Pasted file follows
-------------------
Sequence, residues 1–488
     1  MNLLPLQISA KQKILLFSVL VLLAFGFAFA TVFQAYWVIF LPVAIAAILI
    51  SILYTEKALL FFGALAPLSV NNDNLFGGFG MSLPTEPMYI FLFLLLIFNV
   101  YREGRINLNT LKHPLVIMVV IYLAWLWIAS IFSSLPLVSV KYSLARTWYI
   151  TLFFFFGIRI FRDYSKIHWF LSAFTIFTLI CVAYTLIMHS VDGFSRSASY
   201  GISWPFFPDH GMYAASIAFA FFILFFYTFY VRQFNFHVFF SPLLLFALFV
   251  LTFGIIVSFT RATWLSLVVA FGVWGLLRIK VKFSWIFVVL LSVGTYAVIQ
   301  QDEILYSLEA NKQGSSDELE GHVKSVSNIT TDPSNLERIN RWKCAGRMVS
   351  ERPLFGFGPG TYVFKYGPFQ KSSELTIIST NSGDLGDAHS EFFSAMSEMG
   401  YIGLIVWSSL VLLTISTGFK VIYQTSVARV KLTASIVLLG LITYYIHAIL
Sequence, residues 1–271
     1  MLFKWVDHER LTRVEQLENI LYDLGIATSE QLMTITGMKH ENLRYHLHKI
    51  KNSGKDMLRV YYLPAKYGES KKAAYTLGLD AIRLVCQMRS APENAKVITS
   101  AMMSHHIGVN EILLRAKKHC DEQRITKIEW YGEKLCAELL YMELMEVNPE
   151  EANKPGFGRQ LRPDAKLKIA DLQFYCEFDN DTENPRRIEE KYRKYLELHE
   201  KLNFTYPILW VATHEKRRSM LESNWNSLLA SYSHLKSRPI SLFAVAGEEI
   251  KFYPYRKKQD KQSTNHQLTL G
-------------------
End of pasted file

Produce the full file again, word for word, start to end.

Sequence, residues 1–488
     1  MNLLPLQISA KQKILLFSVL VLLAFGFAFA TVFQAYWVIF LPVAIAAILI
    51  SILYTEKALL FFGALAPLSV NNDNLFGGFG MSLPTEPMYI FLFLLLIFNV
   101  YREGRINLNT LKHPLVIMVV IYLAWLWIAS IFSSLPLVSV KYSLARTWYI
   151  TLFFFFGIRI FRDYSKIHWF LSAFTIFTLI CVAYTLIMHS VDGFSRSASY
   201  GISWPFFPDH GMYAASIAFA FFILFFYTFY VRQFNFHVFF SPLLLFALFV
   251  LTFGIIVSFT RATWLSLVVA FGVWGLLRIK VKFSWIFVVL LSVGTYAVIQ
   301  QDEILYSLEA NKQGSSDELE GHVKSVSNIT TDPSNLERIN RWKCAGRMVS
   351  ERPLFGFGPG TYVFKYGPFQ KSSELTIIST NSGDLGDAHS EFFSAMSEMG
   401  YIGLIVWSSL VLLTISTGFK VIYQTSVARV KLTASIVLLG LITYYIHAIL
Sequence, residues 1–271
     1  MLFKWVDHER LTRVEQLENI LYDLGIATSE QLMTITGMKH ENLRYHLHKI
    51  KNSGKDMLRV YYLPAKYGES KKAAYTLGLD AIRLVCQMRS APENAKVITS
   101  AMMSHHIGVN EILLRAKKHC DEQRITKIEW YGEKLCAELL YMELMEVNPE
   151  EANKPGFGRQ LRPDAKLKIA DLQFYCEFDN DTENPRRIEE KYRKYLELHE
   201  KLNFTYPILW VATHEKRRSM LESNWNSLLA SYSHLKSRPI SLFAVAGEEI
   251  KFYPYRKKQD KQSTNHQLTL G